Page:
In many cases, the community treats Terraform as a sane default when it comes to the infrastructure as code. I can’t entirely agree with that statement, mainly if this is wrongly motivated. Today, I would like to present the unique selling points that show when using AWS CDK is a better-suited tool for the job.
AWS CDK introduces not only tooling, wrappers, constructs, and patterns, but also additional elements that allow us to leverage the expressive power of programming languages. Today I’d like to show you such items: aspects that would enable us to do cool stuff, that is very hard to achieve otherwise.
In the previous article, we have overcome two relatively straightforward and expected issues (especially if you have some experience with CloudFormation). Now we have a much bigger problem that we need to face.
Now it’s time to polish our project and face reality, what to do when we observe some problems. Today, we will talk about the prevalent AWS CloudFormation issue surfacing through AWS CDK.
Cloud resources do not exist in isolation, as when it comes to Infrastructure as Code, we deal with infrastructure graph. It means that we need to create relationships between them, and AWS CDK has to support that – so let’s learn how to do it!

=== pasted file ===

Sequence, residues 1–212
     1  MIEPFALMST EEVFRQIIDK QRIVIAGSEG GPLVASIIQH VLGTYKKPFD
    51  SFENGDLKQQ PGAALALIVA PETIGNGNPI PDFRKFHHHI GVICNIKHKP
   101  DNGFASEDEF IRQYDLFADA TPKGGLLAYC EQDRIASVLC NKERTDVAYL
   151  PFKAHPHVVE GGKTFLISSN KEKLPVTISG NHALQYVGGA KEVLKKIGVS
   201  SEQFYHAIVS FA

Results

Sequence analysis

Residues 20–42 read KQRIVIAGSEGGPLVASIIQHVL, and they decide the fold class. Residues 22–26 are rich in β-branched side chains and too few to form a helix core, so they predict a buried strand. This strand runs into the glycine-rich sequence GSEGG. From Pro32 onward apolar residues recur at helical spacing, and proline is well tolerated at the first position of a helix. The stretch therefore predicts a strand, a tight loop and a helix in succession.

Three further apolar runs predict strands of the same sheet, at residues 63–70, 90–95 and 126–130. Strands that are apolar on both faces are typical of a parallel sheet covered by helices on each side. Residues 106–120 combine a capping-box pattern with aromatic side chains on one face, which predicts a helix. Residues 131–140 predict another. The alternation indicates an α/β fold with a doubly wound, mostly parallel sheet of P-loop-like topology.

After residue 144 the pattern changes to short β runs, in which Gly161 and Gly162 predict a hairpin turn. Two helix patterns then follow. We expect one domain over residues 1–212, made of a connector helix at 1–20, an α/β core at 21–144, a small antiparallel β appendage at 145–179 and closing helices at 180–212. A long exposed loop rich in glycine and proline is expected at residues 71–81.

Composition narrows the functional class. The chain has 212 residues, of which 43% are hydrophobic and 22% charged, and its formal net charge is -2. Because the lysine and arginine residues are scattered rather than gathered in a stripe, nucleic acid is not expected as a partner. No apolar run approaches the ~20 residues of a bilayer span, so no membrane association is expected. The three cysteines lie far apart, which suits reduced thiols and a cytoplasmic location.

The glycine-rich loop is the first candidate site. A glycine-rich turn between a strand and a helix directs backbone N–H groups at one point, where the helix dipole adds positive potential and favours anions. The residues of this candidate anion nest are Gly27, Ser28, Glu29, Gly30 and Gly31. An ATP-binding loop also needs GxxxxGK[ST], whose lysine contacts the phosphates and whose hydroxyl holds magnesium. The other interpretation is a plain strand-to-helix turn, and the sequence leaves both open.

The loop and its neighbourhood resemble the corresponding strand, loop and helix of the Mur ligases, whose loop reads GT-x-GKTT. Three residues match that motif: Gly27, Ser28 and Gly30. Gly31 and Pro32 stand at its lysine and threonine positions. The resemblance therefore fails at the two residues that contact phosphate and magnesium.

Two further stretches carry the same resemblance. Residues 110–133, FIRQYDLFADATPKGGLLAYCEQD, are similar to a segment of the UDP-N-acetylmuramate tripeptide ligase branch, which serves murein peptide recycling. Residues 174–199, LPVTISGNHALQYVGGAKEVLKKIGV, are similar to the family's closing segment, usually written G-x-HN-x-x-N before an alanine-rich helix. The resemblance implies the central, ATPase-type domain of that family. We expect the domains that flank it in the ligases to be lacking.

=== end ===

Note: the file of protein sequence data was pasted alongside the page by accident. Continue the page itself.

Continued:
Because we use AWS CDK in some areas, we need to adjust our previous approach based, which is based on the experience. Parametrizing stacks is such a place, and today, we will address that difference.
Okay, so after understanding the bootstrap, testing, and why have chosen TypeScript – it’s time to define our first Construct and understand how to use this foundational element in AWS CDK.
Controversial question? Well, maybe – however, I will try to find an objective answer for that critical question in the following blog post.
Now we need to talk about testability! AWS CDK gives us unique selling points and mechanisms related to testing.
Let’s talk about one very important aspect of the CDK structure: bootstrap. Why we need it, and how CDK works under the hood.